Over 111 years ago, D.W. Griffith released The Birth of a Nation, a cinematic adaptation of the novel The Clansman, that told an ahistorical account of the Civil War and the Reconstruction Era. Like the source material, the film positioned the Ku Klux Klan, one of the first domestic terrorist organizations in the nation, as valiant defenders of the South besieged by savage hordes of predatory free blacks and corrupt carpetbaggers. In essence, Griffith whitewashed the White Knights of the Klan, whose reign of terror led to countless deaths of free black families and US soldiers stationed in the South. The film was a resounding success both critically and commercially.
Though many critics were negative in their appraisal, the film was a resounding commercial success. It helped pioneer storytelling and editing methods in the film industry, a legacy still seen in cinema to this day. Even organized boycotts by the NAACP were largely unsuccessful in preventing the film’s release. To add the cherry on top, the white supremacist propaganda became the very first film projected in the White House for then-President Woodrow Wilson – a notorious white supremacist and admirer of the Confederacy.
However, its worst legacy is how it inspired the resurrection of the Ku Klux Klan in 1915, who continued their reign of terror against black Southerners while also targeting immigrants, Jews, and Catholics. It took decades for social justice activists and the United States government to cull the terrorist organization into its current incarnation, which is but a shadow of its former self.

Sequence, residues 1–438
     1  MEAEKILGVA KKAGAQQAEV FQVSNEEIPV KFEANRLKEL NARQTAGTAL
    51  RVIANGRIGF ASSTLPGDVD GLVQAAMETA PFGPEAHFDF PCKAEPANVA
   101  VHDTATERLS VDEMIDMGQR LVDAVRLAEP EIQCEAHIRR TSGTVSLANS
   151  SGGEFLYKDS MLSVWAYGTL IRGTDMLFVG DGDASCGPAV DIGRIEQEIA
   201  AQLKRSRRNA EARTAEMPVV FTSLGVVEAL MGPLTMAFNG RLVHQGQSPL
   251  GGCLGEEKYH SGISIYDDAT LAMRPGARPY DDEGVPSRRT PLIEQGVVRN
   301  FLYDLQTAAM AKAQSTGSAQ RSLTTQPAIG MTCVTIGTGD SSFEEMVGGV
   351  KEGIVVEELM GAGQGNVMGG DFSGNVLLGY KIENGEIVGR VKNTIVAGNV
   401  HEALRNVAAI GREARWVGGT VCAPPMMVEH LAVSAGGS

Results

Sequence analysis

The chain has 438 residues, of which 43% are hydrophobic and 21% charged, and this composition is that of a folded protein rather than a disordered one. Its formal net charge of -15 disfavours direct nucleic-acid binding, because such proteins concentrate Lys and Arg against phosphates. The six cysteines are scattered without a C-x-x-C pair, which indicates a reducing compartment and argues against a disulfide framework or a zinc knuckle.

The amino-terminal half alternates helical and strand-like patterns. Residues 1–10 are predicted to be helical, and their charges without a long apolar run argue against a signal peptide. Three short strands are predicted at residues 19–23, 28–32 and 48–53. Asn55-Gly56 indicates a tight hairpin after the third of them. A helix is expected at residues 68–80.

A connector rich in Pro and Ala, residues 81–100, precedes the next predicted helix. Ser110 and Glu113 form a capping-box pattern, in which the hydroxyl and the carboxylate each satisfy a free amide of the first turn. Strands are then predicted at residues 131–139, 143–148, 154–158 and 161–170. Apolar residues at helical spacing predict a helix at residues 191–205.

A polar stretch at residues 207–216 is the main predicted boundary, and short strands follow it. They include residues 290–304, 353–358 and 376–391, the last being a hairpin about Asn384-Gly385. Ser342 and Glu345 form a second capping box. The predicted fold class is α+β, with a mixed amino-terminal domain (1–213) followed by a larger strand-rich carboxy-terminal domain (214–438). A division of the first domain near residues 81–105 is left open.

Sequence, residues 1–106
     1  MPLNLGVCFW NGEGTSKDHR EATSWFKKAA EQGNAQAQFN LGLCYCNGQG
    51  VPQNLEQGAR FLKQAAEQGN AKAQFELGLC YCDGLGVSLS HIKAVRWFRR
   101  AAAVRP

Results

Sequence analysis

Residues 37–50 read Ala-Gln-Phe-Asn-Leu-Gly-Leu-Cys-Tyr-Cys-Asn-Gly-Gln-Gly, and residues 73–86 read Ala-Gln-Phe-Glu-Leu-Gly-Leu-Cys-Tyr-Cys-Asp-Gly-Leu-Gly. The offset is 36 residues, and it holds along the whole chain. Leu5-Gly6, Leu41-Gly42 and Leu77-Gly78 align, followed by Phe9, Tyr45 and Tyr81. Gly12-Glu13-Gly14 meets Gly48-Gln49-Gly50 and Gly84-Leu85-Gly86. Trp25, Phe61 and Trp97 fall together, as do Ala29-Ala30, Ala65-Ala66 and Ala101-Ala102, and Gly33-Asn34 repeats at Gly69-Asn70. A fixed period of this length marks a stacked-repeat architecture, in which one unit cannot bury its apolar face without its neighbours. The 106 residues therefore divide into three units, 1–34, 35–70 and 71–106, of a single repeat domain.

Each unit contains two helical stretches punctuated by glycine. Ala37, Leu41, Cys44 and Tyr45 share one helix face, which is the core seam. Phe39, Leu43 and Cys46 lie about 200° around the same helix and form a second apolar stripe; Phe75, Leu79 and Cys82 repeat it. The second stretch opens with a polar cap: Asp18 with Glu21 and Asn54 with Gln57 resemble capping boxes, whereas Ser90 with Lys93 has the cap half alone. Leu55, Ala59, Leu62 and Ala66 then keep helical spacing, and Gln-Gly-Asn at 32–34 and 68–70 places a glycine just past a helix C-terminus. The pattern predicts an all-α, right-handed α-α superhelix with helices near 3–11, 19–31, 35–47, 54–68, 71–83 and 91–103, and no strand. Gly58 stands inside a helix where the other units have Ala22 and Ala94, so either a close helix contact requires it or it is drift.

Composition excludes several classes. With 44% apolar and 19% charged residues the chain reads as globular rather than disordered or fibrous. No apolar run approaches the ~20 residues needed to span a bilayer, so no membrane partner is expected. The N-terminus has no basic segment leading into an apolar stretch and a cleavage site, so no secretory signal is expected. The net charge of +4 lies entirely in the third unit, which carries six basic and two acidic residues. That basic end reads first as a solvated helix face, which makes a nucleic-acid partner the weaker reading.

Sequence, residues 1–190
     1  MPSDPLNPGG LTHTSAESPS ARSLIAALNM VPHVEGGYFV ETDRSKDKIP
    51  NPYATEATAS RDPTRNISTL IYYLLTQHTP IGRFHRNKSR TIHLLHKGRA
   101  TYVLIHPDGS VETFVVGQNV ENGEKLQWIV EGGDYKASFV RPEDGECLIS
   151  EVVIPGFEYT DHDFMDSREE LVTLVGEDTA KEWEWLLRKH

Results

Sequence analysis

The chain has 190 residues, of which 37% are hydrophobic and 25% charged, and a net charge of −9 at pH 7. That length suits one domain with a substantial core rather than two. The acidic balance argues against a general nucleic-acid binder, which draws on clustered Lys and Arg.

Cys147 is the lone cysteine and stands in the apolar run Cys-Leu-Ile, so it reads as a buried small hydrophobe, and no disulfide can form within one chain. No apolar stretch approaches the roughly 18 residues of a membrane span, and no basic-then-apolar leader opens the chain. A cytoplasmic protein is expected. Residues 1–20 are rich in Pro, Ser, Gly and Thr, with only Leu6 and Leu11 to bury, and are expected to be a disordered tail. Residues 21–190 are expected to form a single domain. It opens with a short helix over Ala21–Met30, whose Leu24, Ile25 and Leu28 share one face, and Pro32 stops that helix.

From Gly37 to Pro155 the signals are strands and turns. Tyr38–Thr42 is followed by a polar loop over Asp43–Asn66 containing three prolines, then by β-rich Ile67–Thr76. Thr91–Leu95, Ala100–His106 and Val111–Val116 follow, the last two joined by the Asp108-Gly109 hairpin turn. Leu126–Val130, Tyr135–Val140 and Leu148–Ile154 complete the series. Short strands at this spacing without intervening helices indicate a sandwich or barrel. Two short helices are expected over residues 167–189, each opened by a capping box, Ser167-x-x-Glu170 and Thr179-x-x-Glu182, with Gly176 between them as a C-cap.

Griffith’s film is supposed to be a reminder of the dangers of propaganda and why artists must avoid valorizing iniquity and injustice. Unsurprisingly (and unfortunately), that advice has not always been well-heeded.
Police procedurals frequently excuse the acts of brutality committed by law enforcement against suspects. Whether it’s Law & Order (particularly SVU with Christopher Meloni’s Detective Stabler) or Chicago P.D., we see cops torture suspects into a confession. To ease any discomfort within the audiences watching, they portray the suspect as being a complete monster whom no one could forgive. Of course, Chicago P.D.’s use of brutality is particularly disconcerting in the context of their real-life counterpart’s less than saintly history. Whether it was former detective Jon Burge, a white supremacist who tortured over two hundred black men into false confessions, or homicide Detective Richard Zuley, who tortured suspects both in the Windy City and Guantanamo Bay, the real-life Chicago P.D. has had no shortages of their own individual monsters.
But CPD’s crimes aren’t limited to individual badges, but the entire institution as well. Last year, the Guardian reported the CPD’s use of black sites in Homan Square, where they kidnapped hundreds of suspects (thus denying their rights to habeas corpus) and tortured them into issuing confessions (which is unconstitutional). The Intercept also released a series of investigative reports that revealed the rampant corruption within the city’s department, including ripping off drug dealers, beating on random people, and covering up their criminal cop brethren. Needless to say, all these violations of the public trust only fosters an atmosphere of distrust between the police and the rest of the population they’re supposed to protect. As such, it’s completely irresponsible to have Sergeant Voight (played by Jason Beghe) routinely hold and torture suspects in basement cages.